Posted in | Carbon Nanotubes

Rice Scientists Present Their Protocol for Carbon Nanotube Handling

With some practice, it would take just about 10 minutes, few bags, and a big bucket to maintain nanomaterials in their place.

Varun Shenoy Gangoli, a research scientist at Rice University, models the proper attire for handling bulk nanomaterials for laboratory use. (Courtesy of the Barron Research Group)

Chemist Andrew Barron from the Rice University lab works with bulk carbon nanotubes on a number of projects. Some years back, members of the lab became anxious that nanotubes could escape into the air, and formulated an economical and clean technique to ensure they stay contained as they were shifted from large containers into jars for experimental use.

Of late Barron himself became concerned that very few labs worldwide were using best practices to work with nanomaterials. He decided to publicize the insights gained by him and his Rice team.

There was a series of studies that said if you’re going to handle nanotubes, you really need to use safety protocols. Then I saw a study that said many labs didn’t use any form of hood or containment system. In the U.S., it was really bad, and in Asia it was even worse. But there are a significant number of labs scaling up to use these materials at the kilogram scale without taking the proper precautions.

Andrew Barron, Chemist, Rice University Lab

The lab’s low-cost technique is explained in full in an open-access paper in the Springer Nature journal SN Applied Sciences.

Carbon nanotubes, in bulk form, are fluffy and scatter easily if disturbed. The Rice lab usually stores the tubes in 5-gallon plastic buckets, and merely opening the lid is sufficient to cause them to fly due to their low density.

Varun Shenoy Gangoli, a research scientist in Barron’s lab, and Pavan Raja, a scientist with Rice’s Nanotechnology-Enabled Water Treatment center, formulated for their own use a technique that involves safeguarding the worker and sequestering loose tubes when removing smaller volumes of the material for experimental use.

Complete details are presented in the paper, but the safety aspects include ensuring workers are correctly attired with long sleeves, long pants, full goggles, lab coats, and face masks, together with two pairs of gloves duct-taped to the lab coat sleeves. The improvised glove bag comprises of a 25-gallon trash bin with a plastic bag taped to the rim. The unopened storage container is positioned inside, and then the bin is covered with another transparent trash bag, with tiny holes cut in the top for access.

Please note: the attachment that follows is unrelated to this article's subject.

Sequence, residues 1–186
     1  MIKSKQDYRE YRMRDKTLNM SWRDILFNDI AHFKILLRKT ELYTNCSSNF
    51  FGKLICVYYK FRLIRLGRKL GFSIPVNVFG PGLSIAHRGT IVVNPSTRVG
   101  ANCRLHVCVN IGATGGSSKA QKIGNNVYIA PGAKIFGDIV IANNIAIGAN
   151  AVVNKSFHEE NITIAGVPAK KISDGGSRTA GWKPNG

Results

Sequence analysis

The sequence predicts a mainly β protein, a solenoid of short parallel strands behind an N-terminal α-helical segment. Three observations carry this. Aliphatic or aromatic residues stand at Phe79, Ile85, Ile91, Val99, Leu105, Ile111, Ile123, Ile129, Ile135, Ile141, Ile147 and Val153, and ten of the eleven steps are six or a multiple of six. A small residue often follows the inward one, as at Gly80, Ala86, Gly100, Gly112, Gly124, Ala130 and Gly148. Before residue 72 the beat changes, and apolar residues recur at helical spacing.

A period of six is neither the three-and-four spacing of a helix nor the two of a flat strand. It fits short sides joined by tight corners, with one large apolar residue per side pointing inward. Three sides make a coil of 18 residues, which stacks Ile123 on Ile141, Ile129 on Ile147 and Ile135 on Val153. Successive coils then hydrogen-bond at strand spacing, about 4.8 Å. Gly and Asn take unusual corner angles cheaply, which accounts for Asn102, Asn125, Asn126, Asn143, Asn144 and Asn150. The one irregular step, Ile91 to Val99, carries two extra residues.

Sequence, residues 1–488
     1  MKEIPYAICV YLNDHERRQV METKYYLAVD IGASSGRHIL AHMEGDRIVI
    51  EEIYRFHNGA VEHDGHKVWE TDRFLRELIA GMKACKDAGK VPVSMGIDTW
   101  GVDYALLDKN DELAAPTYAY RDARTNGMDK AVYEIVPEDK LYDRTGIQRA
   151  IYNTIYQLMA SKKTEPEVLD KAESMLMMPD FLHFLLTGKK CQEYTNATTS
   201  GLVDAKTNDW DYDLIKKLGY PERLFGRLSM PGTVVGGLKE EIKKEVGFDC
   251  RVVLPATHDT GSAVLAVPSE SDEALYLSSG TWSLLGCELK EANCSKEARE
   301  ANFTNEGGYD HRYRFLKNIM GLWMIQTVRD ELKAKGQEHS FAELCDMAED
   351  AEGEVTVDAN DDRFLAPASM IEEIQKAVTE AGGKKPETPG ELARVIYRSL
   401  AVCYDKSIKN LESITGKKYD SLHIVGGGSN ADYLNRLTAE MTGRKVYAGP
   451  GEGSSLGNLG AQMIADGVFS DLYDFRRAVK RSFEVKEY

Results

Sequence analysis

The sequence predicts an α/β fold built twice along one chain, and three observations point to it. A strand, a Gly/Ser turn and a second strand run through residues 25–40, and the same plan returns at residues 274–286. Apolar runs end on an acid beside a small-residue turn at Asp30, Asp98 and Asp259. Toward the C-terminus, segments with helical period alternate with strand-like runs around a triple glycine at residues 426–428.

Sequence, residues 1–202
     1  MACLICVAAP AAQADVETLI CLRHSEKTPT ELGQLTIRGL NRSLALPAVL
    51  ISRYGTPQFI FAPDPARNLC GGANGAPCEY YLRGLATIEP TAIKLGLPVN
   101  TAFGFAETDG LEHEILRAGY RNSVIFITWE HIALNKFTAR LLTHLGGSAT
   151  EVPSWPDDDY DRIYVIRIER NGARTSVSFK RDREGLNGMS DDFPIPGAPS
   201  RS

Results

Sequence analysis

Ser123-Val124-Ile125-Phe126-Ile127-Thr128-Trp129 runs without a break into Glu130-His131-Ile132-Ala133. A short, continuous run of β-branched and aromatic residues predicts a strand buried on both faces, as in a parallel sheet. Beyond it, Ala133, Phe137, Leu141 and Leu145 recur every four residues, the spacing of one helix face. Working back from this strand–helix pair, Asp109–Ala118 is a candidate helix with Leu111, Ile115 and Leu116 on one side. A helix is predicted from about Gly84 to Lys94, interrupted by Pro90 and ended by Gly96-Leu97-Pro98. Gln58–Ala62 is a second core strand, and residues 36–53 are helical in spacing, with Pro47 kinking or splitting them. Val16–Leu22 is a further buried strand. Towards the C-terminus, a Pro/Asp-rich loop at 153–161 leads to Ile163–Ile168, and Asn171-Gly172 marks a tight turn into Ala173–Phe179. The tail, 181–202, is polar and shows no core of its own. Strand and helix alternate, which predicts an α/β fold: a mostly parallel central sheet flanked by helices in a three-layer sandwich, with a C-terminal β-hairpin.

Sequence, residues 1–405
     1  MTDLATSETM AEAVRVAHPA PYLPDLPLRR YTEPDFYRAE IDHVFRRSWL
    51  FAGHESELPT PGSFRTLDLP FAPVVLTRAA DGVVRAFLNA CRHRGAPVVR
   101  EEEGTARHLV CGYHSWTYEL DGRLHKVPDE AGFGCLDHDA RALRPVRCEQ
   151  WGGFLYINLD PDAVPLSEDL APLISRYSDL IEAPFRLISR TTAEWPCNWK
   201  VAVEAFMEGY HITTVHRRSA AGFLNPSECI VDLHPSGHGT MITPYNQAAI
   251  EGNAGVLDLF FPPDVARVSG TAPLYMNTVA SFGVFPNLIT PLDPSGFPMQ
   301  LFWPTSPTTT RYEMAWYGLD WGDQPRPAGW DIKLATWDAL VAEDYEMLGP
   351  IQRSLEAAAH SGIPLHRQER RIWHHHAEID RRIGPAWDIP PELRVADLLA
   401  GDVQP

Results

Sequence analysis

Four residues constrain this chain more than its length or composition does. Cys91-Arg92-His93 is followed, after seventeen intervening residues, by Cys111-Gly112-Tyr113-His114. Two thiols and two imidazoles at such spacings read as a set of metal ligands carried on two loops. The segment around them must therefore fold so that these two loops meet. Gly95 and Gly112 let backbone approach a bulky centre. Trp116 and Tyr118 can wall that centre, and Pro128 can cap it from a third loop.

After shifting the nanotubes, the gloves are cleaned with acetone wipes. More acetone is then sprayed inside the barrel so settling nanotubes would adhere to the surfaces. From here, they can be recovered and returned to the storage container.

Barron said lab members took time to learn to use the protocol properly, “but now they can get their samples in 5 to 10 minutes.” He is sure other labs can and will improve the method for their own environments. He noted a poster by Gangoli shown at the Ninth Guadalupe Workshop on the right handling of carbon nanotubes garnered recognition and discussion among the world’s premier scientists in the field, noting the significance of the work for agencies on the whole.

When we decided to write about this, we were originally just going to put it on the web and hope somebody would read it occasionally. We couldn’t imagine who would publish it, but we heard that an editor at Springer Nature was really keen to have published articles like this. I think this is something people will use. There’s nothing outrageous but it helps everybody, from high schools and colleges that are starting to use nanoparticles for experiments to small companies. That was the goal: Let’s provide a process that doesn’t cost thousands of dollars to install and allows you to transfer nanomaterials safely and on a large scale. Finally, publish said work in an open-access journal to maximize the reach across the globe.

Andrew Barron, Chemist, Rice University Lab

Gibran Liezer Esquenazi, an alumnus of the Barron group at Rice, is a co-author on the paper. Barron is a professor emeritus of chemistry at Rice and the Sêr Cymru Chair of Low Carbon Energy and Environment at Swansea University, Wales.

The research received funding via the Robert A. Welch Foundation, the Office of Naval Research, and the Welsh government through the Sêr Cymru Chair Program.

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